Greed and adolescent financial behavior

T.G. Seuntjens, Niels van de Ven, M. Zeelenberg, Anna van der Schors

Research output: Contribution to journalArticleScientificpeer-review

21 Citations (Scopus)


Financial problems in adolescents have increased over the last decades. We investigated if individual differences in greed relate to financial behavior. Greed is an important motive for economic behavior and refers to the tendency to never be satisfied and to always want more. We developed a short version of the Dispositional Greed Scale (Seuntjens, Zeelenberg, Van de Ven, & Breugelmans, 2015), which we then used in a large survey with adolescents (N = 3899). Dispositional greed is associated with them having more income, spending more, saving less often, and having debt more often. Identifying what personality characteristics influence financial behavior at a young age is important, as the financial habits that people learn during adolescence persist in adulthood. We find that greed has both positive effects (having a higher income), but also negative effects with the greedy being less likely to save and being more likely to have a debt.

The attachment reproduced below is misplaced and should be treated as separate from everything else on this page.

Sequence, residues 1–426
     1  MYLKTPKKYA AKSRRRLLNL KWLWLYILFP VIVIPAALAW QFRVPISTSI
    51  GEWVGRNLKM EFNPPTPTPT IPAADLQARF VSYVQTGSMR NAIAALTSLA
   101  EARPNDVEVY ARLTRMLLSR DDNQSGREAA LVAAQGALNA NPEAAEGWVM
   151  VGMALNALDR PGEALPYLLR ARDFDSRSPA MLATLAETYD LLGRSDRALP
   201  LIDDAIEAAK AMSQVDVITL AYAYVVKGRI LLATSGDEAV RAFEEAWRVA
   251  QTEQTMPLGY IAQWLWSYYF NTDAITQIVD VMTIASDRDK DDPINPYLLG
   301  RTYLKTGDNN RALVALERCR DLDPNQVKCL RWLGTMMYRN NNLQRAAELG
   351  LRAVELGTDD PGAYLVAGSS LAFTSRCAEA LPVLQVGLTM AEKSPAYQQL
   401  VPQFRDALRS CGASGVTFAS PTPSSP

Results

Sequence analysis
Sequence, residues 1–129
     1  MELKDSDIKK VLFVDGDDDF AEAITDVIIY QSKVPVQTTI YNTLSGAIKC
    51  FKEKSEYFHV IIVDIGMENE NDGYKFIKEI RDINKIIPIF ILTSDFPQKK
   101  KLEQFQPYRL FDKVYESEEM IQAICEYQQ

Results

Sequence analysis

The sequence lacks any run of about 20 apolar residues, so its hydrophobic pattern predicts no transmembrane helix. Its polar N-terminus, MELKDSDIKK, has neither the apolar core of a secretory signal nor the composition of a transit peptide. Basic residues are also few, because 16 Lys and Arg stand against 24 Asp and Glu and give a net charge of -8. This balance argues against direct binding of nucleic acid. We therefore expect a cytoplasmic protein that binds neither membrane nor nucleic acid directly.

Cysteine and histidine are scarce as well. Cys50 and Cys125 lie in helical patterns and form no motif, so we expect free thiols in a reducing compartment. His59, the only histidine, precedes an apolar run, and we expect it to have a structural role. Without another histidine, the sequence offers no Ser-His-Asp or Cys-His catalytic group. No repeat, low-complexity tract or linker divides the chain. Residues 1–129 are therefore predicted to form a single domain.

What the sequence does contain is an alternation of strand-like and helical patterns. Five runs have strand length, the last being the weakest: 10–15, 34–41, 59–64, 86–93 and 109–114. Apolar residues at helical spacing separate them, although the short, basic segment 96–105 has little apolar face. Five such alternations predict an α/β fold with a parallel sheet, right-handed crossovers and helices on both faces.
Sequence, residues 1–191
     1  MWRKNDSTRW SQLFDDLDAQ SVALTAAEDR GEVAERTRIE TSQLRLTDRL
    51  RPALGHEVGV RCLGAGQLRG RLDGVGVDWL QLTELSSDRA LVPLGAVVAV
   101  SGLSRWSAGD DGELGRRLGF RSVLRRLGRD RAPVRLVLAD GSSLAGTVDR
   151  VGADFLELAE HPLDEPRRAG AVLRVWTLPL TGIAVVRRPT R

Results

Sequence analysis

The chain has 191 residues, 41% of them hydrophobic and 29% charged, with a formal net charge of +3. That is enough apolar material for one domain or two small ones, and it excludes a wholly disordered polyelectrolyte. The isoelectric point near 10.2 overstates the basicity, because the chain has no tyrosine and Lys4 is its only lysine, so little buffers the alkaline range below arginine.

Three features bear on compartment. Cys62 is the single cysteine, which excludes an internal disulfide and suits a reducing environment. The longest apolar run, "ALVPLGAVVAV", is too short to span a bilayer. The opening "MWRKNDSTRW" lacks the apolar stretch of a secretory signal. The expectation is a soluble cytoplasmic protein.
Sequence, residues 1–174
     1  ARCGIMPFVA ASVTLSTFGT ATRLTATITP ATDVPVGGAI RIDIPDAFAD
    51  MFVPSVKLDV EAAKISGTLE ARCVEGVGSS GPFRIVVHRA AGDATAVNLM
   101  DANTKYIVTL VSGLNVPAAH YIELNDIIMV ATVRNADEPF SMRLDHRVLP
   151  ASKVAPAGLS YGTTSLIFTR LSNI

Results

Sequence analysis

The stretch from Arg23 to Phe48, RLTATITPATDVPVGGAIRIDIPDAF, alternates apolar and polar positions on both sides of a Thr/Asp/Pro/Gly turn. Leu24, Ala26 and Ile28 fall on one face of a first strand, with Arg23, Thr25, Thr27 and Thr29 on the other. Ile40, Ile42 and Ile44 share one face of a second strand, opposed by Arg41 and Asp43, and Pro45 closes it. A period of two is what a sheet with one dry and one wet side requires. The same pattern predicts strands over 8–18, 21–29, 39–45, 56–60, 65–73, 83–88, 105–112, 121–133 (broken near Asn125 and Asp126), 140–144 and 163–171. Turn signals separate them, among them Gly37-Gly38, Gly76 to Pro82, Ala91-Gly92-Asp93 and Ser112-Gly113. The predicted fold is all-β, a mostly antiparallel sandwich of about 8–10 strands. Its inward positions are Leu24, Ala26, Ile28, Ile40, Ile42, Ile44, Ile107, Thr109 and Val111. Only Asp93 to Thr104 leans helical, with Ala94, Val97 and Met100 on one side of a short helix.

Original languageEnglish
Pages (from-to)1-12
JournalJournal of Economic Psychology
Publication statusPublished - Dec 2016


  • Greed
  • Dispositional Greed Scale
  • Adolescents
  • Financial Behavior
  • Debt


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